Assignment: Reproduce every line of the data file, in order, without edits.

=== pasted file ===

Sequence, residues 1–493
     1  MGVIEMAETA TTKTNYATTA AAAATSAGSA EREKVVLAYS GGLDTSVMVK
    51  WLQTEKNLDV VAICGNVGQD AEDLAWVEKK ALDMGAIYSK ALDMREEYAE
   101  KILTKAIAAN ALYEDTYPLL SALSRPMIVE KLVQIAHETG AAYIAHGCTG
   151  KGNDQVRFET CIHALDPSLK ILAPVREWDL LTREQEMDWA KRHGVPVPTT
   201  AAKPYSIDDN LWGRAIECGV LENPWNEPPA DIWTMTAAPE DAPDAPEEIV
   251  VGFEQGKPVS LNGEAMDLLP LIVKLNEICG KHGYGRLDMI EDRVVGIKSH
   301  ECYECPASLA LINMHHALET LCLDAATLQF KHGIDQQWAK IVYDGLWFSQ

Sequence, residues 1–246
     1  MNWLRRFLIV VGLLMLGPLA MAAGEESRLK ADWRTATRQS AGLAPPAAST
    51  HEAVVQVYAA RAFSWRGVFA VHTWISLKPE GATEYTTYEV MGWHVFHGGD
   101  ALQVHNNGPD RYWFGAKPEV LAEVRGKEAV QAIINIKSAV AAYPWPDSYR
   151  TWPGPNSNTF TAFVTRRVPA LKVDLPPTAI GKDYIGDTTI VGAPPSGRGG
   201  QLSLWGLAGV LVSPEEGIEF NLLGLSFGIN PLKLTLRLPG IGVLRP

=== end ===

Sequence, residues 1–493
     1  MGVIEMAETA TTKTNYATTA AAAATSAGSA EREKVVLAYS GGLDTSVMVK
    51  WLQTEKNLDV VAICGNVGQD AEDLAWVEKK ALDMGAIYSK ALDMREEYAE
   101  KILTKAIAAN ALYEDTYPLL SALSRPMIVE KLVQIAHETG AAYIAHGCTG
   151  KGNDQVRFET CIHALDPSLK ILAPVREWDL LTREQEMDWA KRHGVPVPTT
   201  AAKPYSIDDN LWGRAIECGV LENPWNEPPA DIWTMTAAPE DAPDAPEEIV
   251  VGFEQGKPVS LNGEAMDLLP LIVKLNEICG KHGYGRLDMI EDRVVGIKSH
   301  ECYECPASLA LINMHHALET LCLDAATLQF KHGIDQQWAK IVYDGLWFSQ

Sequence, residues 1–246
     1  MNWLRRFLIV VGLLMLGPLA MAAGEESRLK ADWRTATRQS AGLAPPAAST
    51  HEAVVQVYAA RAFSWRGVFA VHTWISLKPE GATEYTTYEV MGWHVFHGGD
   101  ALQVHNNGPD RYWFGAKPEV LAEVRGKEAV QAIINIKSAV AAYPWPDSYR
   151  TWPGPNSNTF TAFVTRRVPA LKVDLPPTAI GKDYIGDTTI VGAPPSGRGG
   201  QLSLWGLAGV LVSPEEGIEF NLLGLSFGIN PLKLTLRLPG IGVLRP